Now, researchers from Jiangsu University in China report in Current Research in Food Science that NMN could treat IBD. Huang and colleagues show mice that model IBD have poor mucus secretion, heightened inflammation, and intestinal wall leakage. Feeding NMN to these IBD mice increases their mucus secretion, hampers inflammation, and repairs the intestinal wall. Furthermore, beneficial gut bacteria flourish as harmful gut bacteria dwindle when NMN is fed to IBD mice.
NMN Repairs the Intestinal Wall and Recomposes Gut Bacteria
Our intestinal wall is a barrier that prevents toxins and bacteria from entering our bloodstream. This barrier includes mucus secreted by specialized (goblet) cells. To establish a model for IBD, Huang and colleagues placed a toxic carbohydrate called dextran sodium sulphate (DSS) into the drinking water of mice. The DSS mice displayed impaired intestinal wall mucus secretion, as shown by a dye that stains mucus blue. Feeding DSS mice NMN restored much of this mucus secretion, suggesting NMN improves the protective layer of mucus lining the intestinal wall.
NMN Restores Intestinal Wall Mucus Secretion. Mice that model IBD (DSS) display less intestinal mucus (blue) than normal mice (CON). Treatment with NMN for 14 (D+N) and 21 (N+D) days restores much of this mucus secretion.
To test the effects of NMN on intestinal wall leakage, Huang and colleagues fed mice a small fluorescent molecule capable of permeating the gut wall. When the intestinal wall is damaged, this molecule can leak into the bloodstream and be imaged. When imaged, the DSS mice displayed body-wide fluorescence of this molecule, indicating a leaky gut. Treating DSS mice with NMN limited fluorescence to the gut region, indicating that NMN reduces gut barrier damage and permeability.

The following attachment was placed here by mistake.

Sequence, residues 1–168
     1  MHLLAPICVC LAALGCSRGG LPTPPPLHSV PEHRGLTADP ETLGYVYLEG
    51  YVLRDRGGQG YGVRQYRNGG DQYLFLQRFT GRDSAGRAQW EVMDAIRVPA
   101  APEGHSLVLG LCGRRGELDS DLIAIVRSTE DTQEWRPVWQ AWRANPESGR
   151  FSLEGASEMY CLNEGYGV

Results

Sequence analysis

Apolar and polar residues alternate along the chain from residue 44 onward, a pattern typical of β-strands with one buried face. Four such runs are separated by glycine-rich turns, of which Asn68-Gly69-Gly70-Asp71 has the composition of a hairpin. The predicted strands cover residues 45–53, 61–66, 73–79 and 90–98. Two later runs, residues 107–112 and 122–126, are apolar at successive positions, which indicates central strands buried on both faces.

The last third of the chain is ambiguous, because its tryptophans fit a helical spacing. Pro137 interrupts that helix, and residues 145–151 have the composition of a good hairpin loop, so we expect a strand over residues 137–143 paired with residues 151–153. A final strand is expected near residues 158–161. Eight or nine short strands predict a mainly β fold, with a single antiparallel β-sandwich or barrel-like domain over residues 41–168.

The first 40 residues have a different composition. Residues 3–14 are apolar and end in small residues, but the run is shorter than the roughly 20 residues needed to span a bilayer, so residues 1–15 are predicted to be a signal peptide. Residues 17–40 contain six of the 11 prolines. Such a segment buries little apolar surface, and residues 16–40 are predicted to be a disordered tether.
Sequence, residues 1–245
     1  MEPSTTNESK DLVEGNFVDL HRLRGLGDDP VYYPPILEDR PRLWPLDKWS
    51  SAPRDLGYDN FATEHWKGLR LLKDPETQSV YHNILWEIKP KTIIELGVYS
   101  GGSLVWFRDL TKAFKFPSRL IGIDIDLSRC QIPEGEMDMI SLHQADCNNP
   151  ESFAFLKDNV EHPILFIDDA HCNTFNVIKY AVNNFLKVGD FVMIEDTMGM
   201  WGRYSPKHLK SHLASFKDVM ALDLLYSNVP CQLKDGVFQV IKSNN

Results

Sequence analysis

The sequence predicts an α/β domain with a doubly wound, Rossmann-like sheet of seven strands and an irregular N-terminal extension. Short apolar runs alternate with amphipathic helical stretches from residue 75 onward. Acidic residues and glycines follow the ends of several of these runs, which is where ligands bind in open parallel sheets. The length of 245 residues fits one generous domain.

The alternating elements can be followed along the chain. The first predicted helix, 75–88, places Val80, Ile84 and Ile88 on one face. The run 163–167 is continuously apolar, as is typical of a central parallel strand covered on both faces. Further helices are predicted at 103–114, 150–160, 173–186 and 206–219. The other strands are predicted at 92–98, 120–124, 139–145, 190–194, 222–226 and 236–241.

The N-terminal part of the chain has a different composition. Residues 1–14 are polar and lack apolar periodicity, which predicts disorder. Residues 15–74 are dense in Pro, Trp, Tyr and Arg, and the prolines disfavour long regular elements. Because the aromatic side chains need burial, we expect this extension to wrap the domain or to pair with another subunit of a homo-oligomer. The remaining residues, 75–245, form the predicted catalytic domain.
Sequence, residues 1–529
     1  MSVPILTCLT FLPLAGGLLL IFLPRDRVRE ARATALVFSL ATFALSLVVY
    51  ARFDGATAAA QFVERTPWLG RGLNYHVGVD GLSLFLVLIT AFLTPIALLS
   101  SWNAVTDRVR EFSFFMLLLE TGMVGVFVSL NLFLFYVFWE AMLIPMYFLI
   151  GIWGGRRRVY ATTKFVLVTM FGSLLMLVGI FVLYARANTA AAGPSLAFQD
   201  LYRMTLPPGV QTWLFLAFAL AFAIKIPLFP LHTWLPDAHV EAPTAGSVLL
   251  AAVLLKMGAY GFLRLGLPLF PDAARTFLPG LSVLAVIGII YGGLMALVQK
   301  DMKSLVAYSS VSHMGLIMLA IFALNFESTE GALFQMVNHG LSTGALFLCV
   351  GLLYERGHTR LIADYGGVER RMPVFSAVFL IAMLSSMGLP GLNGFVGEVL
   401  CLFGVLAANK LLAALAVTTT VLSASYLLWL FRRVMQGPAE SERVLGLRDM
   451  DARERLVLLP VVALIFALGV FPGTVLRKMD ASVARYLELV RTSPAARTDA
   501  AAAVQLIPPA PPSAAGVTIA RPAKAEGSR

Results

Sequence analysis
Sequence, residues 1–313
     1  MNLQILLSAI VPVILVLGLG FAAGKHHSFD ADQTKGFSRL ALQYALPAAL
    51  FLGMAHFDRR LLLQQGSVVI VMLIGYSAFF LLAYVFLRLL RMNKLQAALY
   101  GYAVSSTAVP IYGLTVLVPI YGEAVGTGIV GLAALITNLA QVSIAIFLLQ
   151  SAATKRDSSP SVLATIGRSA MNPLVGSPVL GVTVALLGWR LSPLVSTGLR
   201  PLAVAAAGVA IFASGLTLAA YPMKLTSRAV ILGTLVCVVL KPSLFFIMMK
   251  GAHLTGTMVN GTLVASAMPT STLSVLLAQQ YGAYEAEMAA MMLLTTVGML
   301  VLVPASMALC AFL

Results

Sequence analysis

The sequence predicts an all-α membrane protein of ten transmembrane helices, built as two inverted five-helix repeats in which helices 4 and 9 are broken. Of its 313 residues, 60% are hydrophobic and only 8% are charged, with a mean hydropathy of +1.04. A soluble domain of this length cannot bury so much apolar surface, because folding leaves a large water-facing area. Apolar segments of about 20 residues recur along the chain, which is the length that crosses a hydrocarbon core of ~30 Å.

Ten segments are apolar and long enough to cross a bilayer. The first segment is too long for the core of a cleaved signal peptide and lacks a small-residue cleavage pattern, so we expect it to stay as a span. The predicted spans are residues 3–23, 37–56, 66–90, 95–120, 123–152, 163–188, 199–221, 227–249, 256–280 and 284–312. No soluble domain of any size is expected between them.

NMN Reduces Intestinal Wall Leakage. Mice modeling IBD (DSS) display high levels of gut barrier leakage (red) compared to normal mice (CON). Treatment with NMN (D + N, N +D) prevents much of this leakage, as shown by decreased red fluorescence.
Our gut contains different species of bacteria, some of which are beneficial to us and protect gut barrier function and some that are harmful to our intestinal wall. Huang and colleagues showed that DSS mice had altered gut bacteria abundance. However, treatment with NMN increased the abundance of beneficial bacteria (Firmicutes, Verrucomicrobia, Akkermansia, and Lactobacillus), demonstrating that NMN could treat IBD-induced gut bacterial changes.
NMN and the Aging Intestine
The findings of Huang and colleagues suggest that NMN could at least partially treat IBD, an inflammatory disease. Since inflammation underlies many age-related disorders, based on these results, it’s possible that NMN could also treat the decline of the intestine that occurs with natural aging. Other studies have shown that NMN reverses age-related gut barrier weakness in mice and increases the survival of mice modeling IBD. Furthermore, it was shown that NMN protects the intestinal wall by altering gut bacteria diversity. Together, these animal studies suggest that NMN can treat intestinal aging.
Pan Huang, Xuxin Wang, Siyu Wang, Zhipeng Wu, Zhengrong Zhou, Genbao Shao, Caifang Ren, Meiqian Kuang, Yan Zhou, Anqi Jiang, Weihong Tang, Jianye Miao, Xin Qian, Aihua Gong, Min Xu. Treatment of inflammatory bowel disease: Potential effect of NMN on intestinal barrier and gut microbiota. Current Research in Food Science, Volume 5, 2022, Pages 1403 1411. ISSN 2665-9271. https://doi.org/10.1016/j.crfs.2022.08.011.
Japanese scientists find that NMN reduces blood vessel stiffness in middle-aged adults with higher-than-average weight and blood glucose levels.
By Victor Ciardha Original Article: www.nmn.com
Nicotinamide mononucleotide (NMN) is a promising anti-aging therapeutic, as it promotes the synthesis of nicotinamide adenine dinucleotide (NAD+), a molecule that declines with aging. NMN’s anti-aging potential stems from model organism studies showing that it prolongs lifespan and mitigates age-related disease. However, the degree to which NMN slows the aging process in humans remains unclear.
In a preprint article (not yet peer-reviewed) shared on Research Square, Katayoshi and colleagues from the DHC, a corporation in Japan that sells skincare products, report the findings of a clinical trial testing the effects of NMN on humans. The results showed that NMN tends to reduce arterial stiffness in healthy middle-aged adults but without statistical significance. However, statistically significant reductions in arterial stiffness were observed in individuals with above-average weight and blood glucose levels. Furthermore, NMN was calculated to reverse blood vessel aging by two years.